Sr Bernadette de l’Arbre on the occasion of the thanksgiving mass for her mission at the ‘Je Sers’ boat.
Good morning to all. I am a Little Sister of the Assumption. My religious family was founded in 1865. Our founder, Father Etienne Pernet, an Assumptionist, discovers the great misery of the working class families of his time, especially when the mother is ill… He looks for ways to help these families… prays for a long time, and discovers as an evangelical response, “the sending of women, religious women, to bear witness to the love of God, by an attentive presence, by simple gestures of service… the little sisters are born”.
Each one of us was called, to follow JC the Servant and Saviour and sent…
During the 12 years here in Conflans, on the Je sers boat, the community was sent to reach out to the migrants. I met many of them, coming from everywhere, I especially remember the Armenians, the Malians, the Ivorians and then the Tibetans…
What I remember is that when they arrived, these people were often sad, distraught, barely speaking. Yes, I realised that the first contact is very important, to be there for them, simply to welcome them; a smile, a listening ear, a warm attitude. I remember one person who said, when she came back several years later: “The boat is my second family, I was welcomed there when I had nothing left.”
I came two to three times a week, to “live with” them: to be there with them, to meet them, to listen to them, for us to set the table together, to do the dishes, to answer their questions, to assist them in a procedure. Not knowing the language was a real challenge…. but we were learning to communicate in a different way.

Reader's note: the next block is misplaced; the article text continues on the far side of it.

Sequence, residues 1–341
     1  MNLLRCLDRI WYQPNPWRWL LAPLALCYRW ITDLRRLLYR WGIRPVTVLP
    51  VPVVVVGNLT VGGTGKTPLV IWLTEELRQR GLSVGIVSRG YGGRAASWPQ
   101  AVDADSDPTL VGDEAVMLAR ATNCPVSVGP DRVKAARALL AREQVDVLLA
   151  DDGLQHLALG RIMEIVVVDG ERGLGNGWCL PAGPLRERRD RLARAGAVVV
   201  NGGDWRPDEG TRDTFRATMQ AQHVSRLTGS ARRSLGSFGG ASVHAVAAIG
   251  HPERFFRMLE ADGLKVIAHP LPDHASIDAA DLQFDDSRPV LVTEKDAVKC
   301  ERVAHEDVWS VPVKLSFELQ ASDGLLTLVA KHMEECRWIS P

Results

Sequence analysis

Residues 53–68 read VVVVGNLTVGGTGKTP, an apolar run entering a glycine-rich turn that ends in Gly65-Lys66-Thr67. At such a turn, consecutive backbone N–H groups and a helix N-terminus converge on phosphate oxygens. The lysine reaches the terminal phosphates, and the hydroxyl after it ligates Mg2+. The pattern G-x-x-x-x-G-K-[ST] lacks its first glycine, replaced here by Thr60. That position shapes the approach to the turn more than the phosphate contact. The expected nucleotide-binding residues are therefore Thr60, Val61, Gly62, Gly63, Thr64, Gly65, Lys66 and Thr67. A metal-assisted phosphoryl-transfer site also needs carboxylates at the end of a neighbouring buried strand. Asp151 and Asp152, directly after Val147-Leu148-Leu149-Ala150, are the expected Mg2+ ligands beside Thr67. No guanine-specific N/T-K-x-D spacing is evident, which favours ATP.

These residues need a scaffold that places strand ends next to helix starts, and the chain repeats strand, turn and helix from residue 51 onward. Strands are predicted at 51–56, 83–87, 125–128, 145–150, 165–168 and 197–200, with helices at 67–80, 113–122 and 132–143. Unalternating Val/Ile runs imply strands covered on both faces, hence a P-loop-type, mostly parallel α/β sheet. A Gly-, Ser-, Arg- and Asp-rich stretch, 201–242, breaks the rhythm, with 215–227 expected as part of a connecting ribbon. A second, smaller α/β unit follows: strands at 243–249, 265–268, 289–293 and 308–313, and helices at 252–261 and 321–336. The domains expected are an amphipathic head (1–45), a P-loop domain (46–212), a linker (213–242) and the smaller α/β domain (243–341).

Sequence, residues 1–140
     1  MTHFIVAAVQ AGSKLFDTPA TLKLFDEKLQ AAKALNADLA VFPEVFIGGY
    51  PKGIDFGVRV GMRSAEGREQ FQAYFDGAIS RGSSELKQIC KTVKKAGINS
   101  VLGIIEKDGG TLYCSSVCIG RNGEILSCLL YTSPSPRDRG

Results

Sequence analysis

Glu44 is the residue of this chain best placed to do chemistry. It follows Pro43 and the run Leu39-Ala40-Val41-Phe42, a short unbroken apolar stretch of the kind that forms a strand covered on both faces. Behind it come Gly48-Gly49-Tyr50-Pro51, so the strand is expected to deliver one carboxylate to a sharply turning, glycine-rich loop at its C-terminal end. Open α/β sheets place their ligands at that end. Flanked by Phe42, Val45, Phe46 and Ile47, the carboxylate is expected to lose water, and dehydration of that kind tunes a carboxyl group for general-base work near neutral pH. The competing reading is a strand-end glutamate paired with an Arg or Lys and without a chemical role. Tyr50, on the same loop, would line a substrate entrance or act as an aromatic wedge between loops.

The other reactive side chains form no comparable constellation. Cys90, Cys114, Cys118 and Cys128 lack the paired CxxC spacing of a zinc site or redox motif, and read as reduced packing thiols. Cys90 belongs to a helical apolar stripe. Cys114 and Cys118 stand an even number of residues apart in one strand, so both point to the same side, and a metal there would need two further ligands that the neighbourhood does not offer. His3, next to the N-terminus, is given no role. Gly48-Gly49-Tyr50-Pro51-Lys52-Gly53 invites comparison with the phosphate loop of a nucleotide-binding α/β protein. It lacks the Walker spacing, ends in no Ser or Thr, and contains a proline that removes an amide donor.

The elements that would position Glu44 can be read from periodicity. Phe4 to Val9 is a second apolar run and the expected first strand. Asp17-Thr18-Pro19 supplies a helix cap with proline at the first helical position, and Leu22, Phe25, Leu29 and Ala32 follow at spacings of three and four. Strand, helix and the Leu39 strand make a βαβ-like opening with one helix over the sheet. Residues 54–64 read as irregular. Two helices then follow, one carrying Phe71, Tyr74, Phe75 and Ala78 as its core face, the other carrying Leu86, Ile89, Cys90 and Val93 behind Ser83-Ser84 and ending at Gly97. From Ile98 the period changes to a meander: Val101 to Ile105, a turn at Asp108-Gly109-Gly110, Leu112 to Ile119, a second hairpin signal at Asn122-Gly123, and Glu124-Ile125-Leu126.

With the arrival of more and more Tibetans, people with weakened health… Dany, a retired nurse, and I opened a welcome centre to listen to them and respond to their needs. Several times I accompanied them to medical visits and examinations. It was a time of greater closeness, of deeper sharing of their suffering… leaving everything, family, children, work, it was very hard. But they bounced back with courage.
The new year, the parties, the outings, allowed them to forget the difficulties for a while. Many of us were at the service of families, and we regularly met for a moment of conviviality; sharing our experiences, mutually enriching one another, supporting and encouraging each other.
In another field, and with a team, I was able to accompany several adults who wanted to prepare for baptism and deepen their faith in Jesus Christ.
I remember a young, dynamic woman. Just after she was baptised, she developed cancer. I accompanied her for three years. She had a child, wanted to live for him, accepted the various treatments and operations, but the sickness took her away, leaving the father alone with their 5-year-old son.
In our community prayer, we brought all her sufferings, the misunderstandings and also the joys we encountered, to entrust them with the Lord.
Now, we are going to thank the Lord, the faithful friend, to offer him all this experience, and to entrust him with the future of the “Pierre Blanche”.